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A meteorite is a solid body that has fallen on the Earth's surface from outer space. Most meteorites are part of our solar system derived from the asteroid belt located between Mars and Jupiter. But some very, very rare meteorites actually come from far beyond our solar system, from the distant realms of our galaxy or possibly even from outside our own galaxy.

Meteorites may be captured by the Earth when they are pulled from their orbits by the gravitational attraction of the sun or planets or collide with each other.

When a meteor enters the Earth's atmosphere the resulting fireball produces light, due to the friction between its surface and the air. A smoke or dust trail is produced in the sky by the fireball caused by the removal of material from the surface of the meteorite.

Because the fireballs are traveling at high speeds, they sometimes produce a sonic boom or whistling heard over 30 miles or more from whee the meteorite lands.

Meteorites are scientifically important and worthy of careful study because they have come from the solar system beyond our own planet and can provide valuable information about our solar system and the universe.


Western Australia, Australia

This meteorite is made of iron, and is a medium octahedrite with sulphide and silicate inclusions (IRANOM). It was found in 1911, but its total weight is unknown.

The two largest masses (one about 10-12 tons and the other 4-6 tons) were found in 1966. Three smaller pieces, the Premier Downs masses, were found in 1911 and 1918.


Northern Territory, Australia

This meteorite is an iron, medium octahedrite (IIIA). It was found in June, 1937 and its total weight is unknown.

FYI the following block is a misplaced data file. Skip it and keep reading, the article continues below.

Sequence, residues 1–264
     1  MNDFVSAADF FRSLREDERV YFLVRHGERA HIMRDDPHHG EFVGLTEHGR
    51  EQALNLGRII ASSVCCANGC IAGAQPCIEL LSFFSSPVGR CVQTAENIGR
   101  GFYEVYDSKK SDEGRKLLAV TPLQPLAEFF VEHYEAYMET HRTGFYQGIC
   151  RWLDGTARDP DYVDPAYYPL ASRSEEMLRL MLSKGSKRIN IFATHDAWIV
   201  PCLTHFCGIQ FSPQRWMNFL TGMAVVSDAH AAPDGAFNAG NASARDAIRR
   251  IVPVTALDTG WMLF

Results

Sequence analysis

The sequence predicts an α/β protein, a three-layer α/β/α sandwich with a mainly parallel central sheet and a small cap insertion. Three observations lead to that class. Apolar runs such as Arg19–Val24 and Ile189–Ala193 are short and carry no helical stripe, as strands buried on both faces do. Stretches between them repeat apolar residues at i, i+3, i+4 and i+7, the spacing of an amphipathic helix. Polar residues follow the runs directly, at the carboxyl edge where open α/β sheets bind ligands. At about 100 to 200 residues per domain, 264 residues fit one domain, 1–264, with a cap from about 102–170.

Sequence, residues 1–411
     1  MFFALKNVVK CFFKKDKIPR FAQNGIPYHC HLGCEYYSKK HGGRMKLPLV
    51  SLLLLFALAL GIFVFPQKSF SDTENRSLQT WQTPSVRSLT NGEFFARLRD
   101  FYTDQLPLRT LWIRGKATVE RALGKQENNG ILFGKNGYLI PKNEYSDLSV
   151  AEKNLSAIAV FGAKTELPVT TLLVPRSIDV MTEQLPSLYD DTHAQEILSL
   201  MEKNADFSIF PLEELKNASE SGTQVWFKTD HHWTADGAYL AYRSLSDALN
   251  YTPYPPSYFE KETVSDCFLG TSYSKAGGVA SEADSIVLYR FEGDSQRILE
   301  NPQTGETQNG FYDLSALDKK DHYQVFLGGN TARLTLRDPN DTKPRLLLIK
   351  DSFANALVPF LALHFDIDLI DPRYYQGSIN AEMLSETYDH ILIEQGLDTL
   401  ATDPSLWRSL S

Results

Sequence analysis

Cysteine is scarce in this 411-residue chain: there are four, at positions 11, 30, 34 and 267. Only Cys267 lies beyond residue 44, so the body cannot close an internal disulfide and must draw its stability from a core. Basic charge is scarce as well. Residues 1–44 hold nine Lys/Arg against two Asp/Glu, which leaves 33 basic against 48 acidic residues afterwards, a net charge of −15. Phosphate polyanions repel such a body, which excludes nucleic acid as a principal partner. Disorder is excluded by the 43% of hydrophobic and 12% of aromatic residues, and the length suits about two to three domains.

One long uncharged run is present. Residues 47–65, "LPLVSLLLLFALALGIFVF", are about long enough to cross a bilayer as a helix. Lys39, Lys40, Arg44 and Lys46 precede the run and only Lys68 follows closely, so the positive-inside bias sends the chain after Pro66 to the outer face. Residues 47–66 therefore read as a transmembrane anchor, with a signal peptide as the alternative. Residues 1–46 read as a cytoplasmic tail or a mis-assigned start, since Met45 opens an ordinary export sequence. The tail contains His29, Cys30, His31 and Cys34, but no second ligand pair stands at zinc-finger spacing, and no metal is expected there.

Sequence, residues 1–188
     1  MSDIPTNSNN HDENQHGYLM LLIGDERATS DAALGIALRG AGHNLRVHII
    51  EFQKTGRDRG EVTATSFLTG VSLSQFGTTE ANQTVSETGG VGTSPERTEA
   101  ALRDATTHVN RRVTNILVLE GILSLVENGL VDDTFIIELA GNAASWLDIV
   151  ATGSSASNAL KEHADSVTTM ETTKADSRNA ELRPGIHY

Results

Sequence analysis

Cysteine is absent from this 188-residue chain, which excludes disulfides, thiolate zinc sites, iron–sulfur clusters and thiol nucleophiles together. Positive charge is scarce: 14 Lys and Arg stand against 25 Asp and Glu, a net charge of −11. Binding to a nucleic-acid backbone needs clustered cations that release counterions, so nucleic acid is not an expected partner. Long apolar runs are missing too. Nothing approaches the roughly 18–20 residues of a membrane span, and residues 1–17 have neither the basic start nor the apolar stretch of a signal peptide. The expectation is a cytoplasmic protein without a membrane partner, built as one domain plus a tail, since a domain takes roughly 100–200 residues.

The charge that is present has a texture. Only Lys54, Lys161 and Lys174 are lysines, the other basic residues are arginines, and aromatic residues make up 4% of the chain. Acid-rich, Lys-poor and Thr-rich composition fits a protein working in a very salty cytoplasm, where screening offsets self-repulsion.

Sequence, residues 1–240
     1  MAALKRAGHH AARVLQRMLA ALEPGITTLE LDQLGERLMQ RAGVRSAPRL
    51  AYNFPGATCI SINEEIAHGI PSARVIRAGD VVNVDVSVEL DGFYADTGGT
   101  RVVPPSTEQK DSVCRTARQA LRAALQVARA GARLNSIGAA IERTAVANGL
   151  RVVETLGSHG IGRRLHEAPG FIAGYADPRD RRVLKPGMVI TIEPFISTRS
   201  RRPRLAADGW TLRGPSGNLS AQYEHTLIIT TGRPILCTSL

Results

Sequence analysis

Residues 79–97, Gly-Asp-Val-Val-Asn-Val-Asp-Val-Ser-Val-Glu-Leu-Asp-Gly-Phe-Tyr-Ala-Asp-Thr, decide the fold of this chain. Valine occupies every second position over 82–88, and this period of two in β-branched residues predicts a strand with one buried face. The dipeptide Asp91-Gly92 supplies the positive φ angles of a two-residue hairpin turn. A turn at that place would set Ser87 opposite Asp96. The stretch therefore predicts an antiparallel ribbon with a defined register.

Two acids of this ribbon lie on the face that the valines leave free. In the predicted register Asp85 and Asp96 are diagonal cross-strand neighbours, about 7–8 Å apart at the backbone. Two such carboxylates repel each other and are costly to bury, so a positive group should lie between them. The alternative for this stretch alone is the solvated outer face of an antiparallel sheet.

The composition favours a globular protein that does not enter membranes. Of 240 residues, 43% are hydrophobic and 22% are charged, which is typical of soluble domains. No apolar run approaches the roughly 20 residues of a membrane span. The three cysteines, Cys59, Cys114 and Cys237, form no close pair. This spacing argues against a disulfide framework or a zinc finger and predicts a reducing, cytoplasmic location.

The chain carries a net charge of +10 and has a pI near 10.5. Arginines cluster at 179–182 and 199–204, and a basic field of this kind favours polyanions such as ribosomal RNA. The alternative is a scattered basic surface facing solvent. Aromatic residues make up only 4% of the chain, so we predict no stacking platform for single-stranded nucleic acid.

The Boxhole crater is a circular depression 170 meters in diameter. Many small fragments have been found, the largest being an 82 kg mass.

It has been determined that this meteorite fell about 5,000 years ago.


Arizona Meteor Crater, Arizona USA

About 30,000 years ago a giant meteor hit the dry Arizona desert at the incredible speed of 30,000 miles per hour. The resulting blast created an impact crater 4,000 feet across and 700 feet deep. Most of the meteor was vaporized, but some fragments survived, the largest being 639 kg.


Moldau River Valley, Bohemia, Czechoslovakia

Classic gem quality green moldavite are the most beautiful of the Tektites. Unusual splash forms make them highly prized among collectors.

Tektites are formed when a huge meteor collides with the earth with such force that melted rock and meteorite are thrown at high speeds into the upper atmosphere.

Here they cool and harden, preserving their splash, melted shape.

Tektites are found in strew fields sometimes thousands of miles across. This occurred about 15 million years ago.


Murchison, Victoria, Australia

This very rare type of meteorite fell just before 11:00 a.m., Sunday morning, September 28, 1969. Local residents heard the loud detonations like thunder throughout the Goulburn River Valley.

Organic compounds in the form of amino acids were discovered inside this unique meteorite including glysine, aspartic and aminoisobutyric acids and many more.

Also, recent studies have found interstellar grains (formed by a supernova) trapped inside these very old meteorites -- at least 4.6 billion years ago.